In twenty years we will be between nine and ten billion people on earth. Our agricultural practices, on a planet limited on the surface, will be challenged, forcing us to quickly find complementary alternatives to our current production model. We will have to produce 70% more food by 2040.
Organic farming takes the environment into account, but even if scientific research leads to improved yields on these farms, we would need to triple them in two decades, a far too big challenge.
To reduce the use of pesticides and reduce nitrogen runoff by converting all arable land globally into organic agriculture, almost 50 percent more agricultural land would be needed today.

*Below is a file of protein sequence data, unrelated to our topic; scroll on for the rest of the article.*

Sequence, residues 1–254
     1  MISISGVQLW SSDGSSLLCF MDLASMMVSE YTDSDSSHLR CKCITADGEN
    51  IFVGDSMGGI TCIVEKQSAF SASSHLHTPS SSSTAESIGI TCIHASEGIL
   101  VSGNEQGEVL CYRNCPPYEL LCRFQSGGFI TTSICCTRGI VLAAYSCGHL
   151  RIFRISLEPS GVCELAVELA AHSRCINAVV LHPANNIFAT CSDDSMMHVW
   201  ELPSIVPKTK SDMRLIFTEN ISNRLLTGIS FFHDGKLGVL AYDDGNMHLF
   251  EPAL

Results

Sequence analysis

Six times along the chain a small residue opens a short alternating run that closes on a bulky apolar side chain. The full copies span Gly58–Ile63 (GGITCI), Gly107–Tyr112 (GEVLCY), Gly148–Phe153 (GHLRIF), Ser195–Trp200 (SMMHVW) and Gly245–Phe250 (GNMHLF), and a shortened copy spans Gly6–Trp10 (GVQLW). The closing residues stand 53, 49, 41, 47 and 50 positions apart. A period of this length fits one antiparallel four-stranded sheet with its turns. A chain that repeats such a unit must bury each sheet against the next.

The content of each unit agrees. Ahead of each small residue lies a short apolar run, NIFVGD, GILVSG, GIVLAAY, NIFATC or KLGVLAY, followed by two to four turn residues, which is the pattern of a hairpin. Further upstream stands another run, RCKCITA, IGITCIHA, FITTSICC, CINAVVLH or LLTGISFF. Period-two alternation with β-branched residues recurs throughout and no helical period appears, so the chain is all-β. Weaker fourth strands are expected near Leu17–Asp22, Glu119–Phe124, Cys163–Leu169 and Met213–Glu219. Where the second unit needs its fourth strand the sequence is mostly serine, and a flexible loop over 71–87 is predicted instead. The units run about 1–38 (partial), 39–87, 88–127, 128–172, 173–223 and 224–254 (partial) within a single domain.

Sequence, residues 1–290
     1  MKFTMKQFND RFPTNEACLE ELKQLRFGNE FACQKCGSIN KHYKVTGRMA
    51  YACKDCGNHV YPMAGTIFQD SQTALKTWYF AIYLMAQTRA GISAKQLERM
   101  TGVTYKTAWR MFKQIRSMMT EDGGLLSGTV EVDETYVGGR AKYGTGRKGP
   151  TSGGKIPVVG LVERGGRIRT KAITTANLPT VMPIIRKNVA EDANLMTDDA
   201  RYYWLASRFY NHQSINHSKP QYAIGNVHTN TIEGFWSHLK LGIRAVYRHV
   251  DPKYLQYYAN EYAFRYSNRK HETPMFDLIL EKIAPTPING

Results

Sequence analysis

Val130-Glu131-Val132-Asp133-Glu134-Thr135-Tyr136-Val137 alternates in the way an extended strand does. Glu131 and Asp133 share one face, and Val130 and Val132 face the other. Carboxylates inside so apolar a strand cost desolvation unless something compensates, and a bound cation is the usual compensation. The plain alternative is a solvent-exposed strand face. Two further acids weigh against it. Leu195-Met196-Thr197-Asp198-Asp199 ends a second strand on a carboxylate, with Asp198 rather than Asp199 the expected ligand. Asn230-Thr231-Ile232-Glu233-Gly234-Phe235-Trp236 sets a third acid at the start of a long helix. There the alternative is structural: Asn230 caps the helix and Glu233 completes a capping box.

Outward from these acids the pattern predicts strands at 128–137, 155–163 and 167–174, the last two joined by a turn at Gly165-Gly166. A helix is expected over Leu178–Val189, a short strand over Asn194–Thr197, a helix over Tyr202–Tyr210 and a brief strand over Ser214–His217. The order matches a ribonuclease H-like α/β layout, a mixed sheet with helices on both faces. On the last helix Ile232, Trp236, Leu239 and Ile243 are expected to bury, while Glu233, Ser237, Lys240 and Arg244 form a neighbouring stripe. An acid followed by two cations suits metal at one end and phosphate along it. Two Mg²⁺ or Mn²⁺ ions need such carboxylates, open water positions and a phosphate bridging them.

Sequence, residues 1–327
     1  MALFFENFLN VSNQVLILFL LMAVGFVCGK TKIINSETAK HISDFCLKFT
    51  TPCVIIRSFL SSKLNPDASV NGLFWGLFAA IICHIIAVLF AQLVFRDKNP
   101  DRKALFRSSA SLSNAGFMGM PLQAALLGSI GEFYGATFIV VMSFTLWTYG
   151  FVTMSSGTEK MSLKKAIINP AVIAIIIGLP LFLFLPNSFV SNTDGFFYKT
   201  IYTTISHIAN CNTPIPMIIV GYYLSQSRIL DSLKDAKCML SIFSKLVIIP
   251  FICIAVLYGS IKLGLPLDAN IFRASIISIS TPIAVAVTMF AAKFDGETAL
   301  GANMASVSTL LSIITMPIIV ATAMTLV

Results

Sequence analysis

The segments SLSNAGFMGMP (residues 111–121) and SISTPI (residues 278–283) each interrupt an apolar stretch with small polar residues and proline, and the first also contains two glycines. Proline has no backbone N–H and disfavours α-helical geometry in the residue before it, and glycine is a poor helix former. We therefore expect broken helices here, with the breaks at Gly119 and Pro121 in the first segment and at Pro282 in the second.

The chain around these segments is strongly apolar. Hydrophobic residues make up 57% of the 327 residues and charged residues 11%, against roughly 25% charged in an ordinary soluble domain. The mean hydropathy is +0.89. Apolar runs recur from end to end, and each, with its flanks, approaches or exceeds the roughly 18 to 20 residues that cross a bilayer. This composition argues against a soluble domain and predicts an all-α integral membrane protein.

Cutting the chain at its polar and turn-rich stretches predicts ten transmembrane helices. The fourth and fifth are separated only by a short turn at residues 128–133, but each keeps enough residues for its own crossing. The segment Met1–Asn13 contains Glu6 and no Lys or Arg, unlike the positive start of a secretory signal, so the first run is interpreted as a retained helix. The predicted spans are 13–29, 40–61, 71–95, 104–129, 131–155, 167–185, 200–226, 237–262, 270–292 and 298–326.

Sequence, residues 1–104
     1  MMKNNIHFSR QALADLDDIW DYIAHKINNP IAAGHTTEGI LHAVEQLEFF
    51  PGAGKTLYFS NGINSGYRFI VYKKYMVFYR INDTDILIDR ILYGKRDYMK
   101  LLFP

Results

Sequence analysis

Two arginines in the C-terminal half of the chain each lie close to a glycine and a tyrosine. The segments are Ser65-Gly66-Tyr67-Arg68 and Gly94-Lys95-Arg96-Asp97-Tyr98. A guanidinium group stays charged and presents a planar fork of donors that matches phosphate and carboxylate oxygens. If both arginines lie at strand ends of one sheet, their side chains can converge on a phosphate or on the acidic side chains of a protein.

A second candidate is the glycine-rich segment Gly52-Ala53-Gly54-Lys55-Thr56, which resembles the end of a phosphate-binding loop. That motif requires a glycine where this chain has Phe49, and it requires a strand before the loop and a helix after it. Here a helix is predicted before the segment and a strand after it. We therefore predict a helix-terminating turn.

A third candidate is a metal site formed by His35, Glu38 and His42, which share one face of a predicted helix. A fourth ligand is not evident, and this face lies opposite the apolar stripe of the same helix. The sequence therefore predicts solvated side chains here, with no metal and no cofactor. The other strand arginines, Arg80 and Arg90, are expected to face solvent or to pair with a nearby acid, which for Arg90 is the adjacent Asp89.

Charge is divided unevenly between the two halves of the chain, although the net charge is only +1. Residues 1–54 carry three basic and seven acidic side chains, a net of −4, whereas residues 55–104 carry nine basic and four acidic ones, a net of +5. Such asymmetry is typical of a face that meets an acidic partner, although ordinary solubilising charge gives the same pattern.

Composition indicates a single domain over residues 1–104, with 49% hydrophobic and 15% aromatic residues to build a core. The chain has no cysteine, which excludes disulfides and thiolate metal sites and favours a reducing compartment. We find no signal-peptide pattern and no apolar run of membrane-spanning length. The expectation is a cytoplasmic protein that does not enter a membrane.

The populations as a whole should cut down half of the remaining forests to grow crops. Making available so much land would generate about 500 billion tonnes of CO2, almost the equivalent of the total CO2 emissions so far.
Insect farming is significantly less dependent on soil than conventional farming, it requires little space, little water, low pollutants and virtually no waste. Moreover, the ethics are respected, the insects are tremendously adapted to the mass breeding, they live, by nature, in dense groups, which discards the questions related to the overpopulation.